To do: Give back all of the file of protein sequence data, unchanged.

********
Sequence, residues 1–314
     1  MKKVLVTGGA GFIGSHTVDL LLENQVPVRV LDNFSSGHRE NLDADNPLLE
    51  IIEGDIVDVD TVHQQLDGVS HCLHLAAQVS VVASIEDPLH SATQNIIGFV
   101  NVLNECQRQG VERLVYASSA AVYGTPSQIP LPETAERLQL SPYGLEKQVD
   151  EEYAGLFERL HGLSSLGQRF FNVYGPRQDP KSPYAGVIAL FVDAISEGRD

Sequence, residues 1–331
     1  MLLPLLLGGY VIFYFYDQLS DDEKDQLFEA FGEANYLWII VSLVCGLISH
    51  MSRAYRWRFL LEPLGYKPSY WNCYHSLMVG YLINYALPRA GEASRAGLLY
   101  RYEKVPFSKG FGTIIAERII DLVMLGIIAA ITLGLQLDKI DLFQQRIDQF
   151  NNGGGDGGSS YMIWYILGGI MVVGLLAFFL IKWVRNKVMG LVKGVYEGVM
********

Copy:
Sequence, residues 1–314
     1  MKKVLVTGGA GFIGSHTVDL LLENQVPVRV LDNFSSGHRE NLDADNPLLE
    51  IIEGDIVDVD TVHQQLDGVS HCLHLAAQVS VVASIEDPLH SATQNIIGFV
   101  NVLNECQRQG VERLVYASSA AVYGTPSQIP LPETAERLQL SPYGLEKQVD
   151  EEYAGLFERL HGLSSLGQRF FNVYGPRQDP KSPYAGVIAL FVDAISEGRD

Sequence, residues 1–331
     1  MLLPLLLGGY VIFYFYDQLS DDEKDQLFEA FGEANYLWII VSLVCGLISH
    51  MSRAYRWRFL LEPLGYKPSY WNCYHSLMVG YLINYALPRA GEASRAGLLY
   101  RYEKVPFSKG FGTIIAERII DLVMLGIIAA ITLGLQLDKI DLFQQRIDQF
   151  NNGGGDGGSS YMIWYILGGI MVVGLLAFFL IKWVRNKVMG LVKGVYEGVM